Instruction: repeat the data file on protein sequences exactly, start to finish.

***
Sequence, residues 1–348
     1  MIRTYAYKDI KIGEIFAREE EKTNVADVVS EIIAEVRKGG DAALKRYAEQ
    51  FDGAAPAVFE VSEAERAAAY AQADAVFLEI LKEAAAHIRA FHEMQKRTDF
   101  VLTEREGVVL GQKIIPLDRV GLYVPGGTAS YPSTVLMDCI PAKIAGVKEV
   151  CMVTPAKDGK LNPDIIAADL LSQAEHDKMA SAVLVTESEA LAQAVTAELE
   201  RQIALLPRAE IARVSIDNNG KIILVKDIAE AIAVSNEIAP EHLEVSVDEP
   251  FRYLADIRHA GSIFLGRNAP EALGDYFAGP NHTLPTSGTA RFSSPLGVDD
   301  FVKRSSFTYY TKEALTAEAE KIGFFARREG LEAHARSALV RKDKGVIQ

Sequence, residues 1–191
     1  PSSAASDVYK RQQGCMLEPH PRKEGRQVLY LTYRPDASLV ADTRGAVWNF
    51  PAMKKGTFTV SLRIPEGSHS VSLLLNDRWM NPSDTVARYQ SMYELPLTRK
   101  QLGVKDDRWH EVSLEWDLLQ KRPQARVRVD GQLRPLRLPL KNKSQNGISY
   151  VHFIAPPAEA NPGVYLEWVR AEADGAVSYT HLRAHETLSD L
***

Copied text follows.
Sequence, residues 1–348
     1  MIRTYAYKDI KIGEIFAREE EKTNVADVVS EIIAEVRKGG DAALKRYAEQ
    51  FDGAAPAVFE VSEAERAAAY AQADAVFLEI LKEAAAHIRA FHEMQKRTDF
   101  VLTEREGVVL GQKIIPLDRV GLYVPGGTAS YPSTVLMDCI PAKIAGVKEV
   151  CMVTPAKDGK LNPDIIAADL LSQAEHDKMA SAVLVTESEA LAQAVTAELE
   201  RQIALLPRAE IARVSIDNNG KIILVKDIAE AIAVSNEIAP EHLEVSVDEP
   251  FRYLADIRHA GSIFLGRNAP EALGDYFAGP NHTLPTSGTA RFSSPLGVDD
   301  FVKRSSFTYY TKEALTAEAE KIGFFARREG LEAHARSALV RKDKGVIQ

Sequence, residues 1–191
     1  PSSAASDVYK RQQGCMLEPH PRKEGRQVLY LTYRPDASLV ADTRGAVWNF
    51  PAMKKGTFTV SLRIPEGSHS VSLLLNDRWM NPSDTVARYQ SMYELPLTRK
   101  QLGVKDDRWH EVSLEWDLLQ KRPQARVRVD GQLRPLRLPL KNKSQNGISY
   151  VHFIAPPAEA NPGVYLEWVR AEADGAVSYT HLRAHETLSD L